Semi-Mathy Games

Here are some silly semi-mathy things I’ve done with my students either as bonus problems or fillers.  I cannot vouch for their pedagogical value.

  • +1 or +3.  A bonus question appeared at the end of a test.  “Write Free +1 and you’ll get a bonus point on the test, no questions asked.  Or write Go For +3 and if two-thirds of the class does it, all who do will get 3 bonus points.  Saying anything out loud voids the bonus for everyone.”  I was pretty surprised that in most classes, not enough students went for the +3.  One student wrote Free +3 and got nothing…
  • Choose A or B.  In class, students were given this choice: “Write A and you’ll get a point for everyone in the class who writes A.  Write B and you’ll get twice as much as anyone who writes A.”  After a long debate, most students picked B.  Far fewer students picked B when the choices were revealed publicly instead of privately.  (Social commentary followed…)
  • The probability you’ll get this question right.  Still one of my favorite bonus problems of all time, this came from my wife: “If train A leaves Denver at 50 miles per hour, and train B leaves Chicago at 60 miles per hour, what is the probability that you’ll get this question right?”  Students who wrote 1 or 100% were right, students who wrote 0 were wrong, and anything in between was resolved with a coin or random number generator.  (There’s a fun discussion over whether a student who writes 0 can be right by being wrong… but if they’re right then they’re wrong…)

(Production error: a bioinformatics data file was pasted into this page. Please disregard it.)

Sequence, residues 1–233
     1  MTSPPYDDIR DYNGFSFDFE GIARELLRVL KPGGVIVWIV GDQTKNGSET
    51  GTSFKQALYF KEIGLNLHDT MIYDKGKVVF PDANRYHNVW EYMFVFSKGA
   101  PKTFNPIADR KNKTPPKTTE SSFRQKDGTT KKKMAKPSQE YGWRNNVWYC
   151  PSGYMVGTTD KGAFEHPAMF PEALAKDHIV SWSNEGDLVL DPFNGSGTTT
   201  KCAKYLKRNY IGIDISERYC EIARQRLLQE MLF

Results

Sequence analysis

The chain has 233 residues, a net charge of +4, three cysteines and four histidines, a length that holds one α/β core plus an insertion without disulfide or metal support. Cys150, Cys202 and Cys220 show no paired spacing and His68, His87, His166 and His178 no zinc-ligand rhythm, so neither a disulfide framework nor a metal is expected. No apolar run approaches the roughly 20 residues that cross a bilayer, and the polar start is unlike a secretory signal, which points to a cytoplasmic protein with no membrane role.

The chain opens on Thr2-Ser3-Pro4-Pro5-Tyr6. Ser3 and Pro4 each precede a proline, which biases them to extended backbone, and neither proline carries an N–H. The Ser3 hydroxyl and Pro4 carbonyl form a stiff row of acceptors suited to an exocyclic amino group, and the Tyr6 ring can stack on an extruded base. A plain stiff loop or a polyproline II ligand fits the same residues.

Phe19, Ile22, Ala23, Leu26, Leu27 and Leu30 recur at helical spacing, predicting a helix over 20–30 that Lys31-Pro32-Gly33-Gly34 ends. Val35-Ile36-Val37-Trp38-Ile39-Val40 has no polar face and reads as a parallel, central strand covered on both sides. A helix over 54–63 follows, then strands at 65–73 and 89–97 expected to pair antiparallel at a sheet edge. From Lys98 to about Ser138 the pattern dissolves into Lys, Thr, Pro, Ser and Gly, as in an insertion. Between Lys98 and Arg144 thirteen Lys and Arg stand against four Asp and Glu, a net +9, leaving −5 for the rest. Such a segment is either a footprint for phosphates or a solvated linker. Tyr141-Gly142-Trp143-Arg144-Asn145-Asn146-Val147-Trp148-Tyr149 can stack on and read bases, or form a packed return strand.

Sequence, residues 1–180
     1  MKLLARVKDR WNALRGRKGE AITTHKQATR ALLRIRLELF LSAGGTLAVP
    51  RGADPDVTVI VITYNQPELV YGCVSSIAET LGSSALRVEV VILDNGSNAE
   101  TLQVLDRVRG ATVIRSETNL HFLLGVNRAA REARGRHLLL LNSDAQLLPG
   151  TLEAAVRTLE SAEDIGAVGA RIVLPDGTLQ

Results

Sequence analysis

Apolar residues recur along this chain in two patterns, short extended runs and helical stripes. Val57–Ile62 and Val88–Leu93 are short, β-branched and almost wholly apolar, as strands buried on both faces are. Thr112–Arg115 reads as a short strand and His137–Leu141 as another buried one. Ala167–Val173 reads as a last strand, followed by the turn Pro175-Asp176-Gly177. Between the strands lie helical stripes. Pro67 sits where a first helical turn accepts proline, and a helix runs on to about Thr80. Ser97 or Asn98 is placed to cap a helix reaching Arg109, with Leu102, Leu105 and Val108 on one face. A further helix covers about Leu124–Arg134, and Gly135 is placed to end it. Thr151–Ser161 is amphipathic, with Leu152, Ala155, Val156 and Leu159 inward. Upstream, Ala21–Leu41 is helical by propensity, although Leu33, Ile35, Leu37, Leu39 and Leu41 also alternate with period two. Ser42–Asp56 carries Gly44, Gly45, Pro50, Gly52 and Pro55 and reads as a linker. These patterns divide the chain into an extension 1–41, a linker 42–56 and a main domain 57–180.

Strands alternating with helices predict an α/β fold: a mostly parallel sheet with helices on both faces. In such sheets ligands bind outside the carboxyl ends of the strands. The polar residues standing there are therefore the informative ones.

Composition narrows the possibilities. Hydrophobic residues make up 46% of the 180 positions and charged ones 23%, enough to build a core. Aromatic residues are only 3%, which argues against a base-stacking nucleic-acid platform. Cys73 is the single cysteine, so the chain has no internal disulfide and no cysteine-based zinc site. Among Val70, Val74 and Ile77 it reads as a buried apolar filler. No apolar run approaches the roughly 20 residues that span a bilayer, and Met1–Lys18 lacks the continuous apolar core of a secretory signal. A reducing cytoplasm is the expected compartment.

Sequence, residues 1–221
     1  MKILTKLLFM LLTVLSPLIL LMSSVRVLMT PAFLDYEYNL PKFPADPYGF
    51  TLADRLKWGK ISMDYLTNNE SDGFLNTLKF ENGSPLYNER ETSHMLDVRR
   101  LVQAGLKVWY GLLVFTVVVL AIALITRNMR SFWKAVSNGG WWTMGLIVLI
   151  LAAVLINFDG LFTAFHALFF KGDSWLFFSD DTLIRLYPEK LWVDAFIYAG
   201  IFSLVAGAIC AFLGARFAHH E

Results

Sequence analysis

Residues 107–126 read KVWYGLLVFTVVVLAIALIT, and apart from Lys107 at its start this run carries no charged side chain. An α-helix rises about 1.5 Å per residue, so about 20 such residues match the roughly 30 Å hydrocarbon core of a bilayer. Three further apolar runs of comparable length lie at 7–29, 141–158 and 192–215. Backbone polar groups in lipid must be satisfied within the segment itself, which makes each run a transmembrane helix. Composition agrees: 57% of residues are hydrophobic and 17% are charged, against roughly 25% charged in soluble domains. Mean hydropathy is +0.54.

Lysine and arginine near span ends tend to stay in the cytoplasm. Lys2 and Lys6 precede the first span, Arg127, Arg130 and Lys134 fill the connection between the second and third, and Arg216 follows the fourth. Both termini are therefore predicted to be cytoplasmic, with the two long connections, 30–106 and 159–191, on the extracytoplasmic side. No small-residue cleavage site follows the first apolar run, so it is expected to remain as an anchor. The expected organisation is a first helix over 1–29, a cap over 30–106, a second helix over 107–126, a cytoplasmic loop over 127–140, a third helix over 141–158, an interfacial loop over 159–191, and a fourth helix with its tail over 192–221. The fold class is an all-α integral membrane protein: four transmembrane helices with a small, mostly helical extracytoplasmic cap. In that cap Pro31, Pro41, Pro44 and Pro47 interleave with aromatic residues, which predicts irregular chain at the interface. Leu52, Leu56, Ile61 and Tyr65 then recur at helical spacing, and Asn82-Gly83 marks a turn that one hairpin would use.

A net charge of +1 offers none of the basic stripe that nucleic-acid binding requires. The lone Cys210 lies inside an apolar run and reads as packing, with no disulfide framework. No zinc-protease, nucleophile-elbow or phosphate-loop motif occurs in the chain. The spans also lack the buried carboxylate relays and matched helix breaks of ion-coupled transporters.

• The dollar auction.  This one is evil.  See http://en.wikipedia.org/wiki/Dollar_auction for a full description.  In one class, a student successfully “escaped” by outbidding the other player significantly.   In another class, a third student jumped into the auction midstream allowing another to escape.  If I were still teaching, I would repeat the process using the bidding systems by Beezid and other “penny auction” sites (http://en.wikipedia.org/wiki/Penny_auction).  Hopefully by exploring these auction styles with students they will avoid being scammed for real money later in life.

What else?

 

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We Got A Problem #6: Useless Rulers

By the way, there’s an interesting problem kicking around Dan Meyer’s blog.  But now for something completely different…

Take a ruler or any stick.  Mark it off into three equal parts.  Then, perhaps in a different color, mark it off again into five equal parts.  This divides the ruler into how many total parts?

(The mathematician’s version: Consider a number line from 0 to 1.  Mark all multiples of 1/3 and 1/5.  How many intervals are produced?)

Start over.  On another ruler, mark it off into four equal parts, then again into ten equal parts.  How many total parts this time?

On another ruler, mark it off into twelfths and thirtieths.  (This is close to what happens with inches and centimeters, but not quite.)  How many parts now?

If you mark off the ruler into M equal parts, then again into N equal parts, how many parts are there in total?

Can you think of ways to extend either this problem or the rectangle-diagonal problem?

We’d love for readers to be able to explore these problems, so resist the urge to provide answers in the comments. Instead, we’d love helpful suggestions and ideas about different ways to think about them, successful or not. If you’d like to provide a full solution, do so with a pingback to your own blog!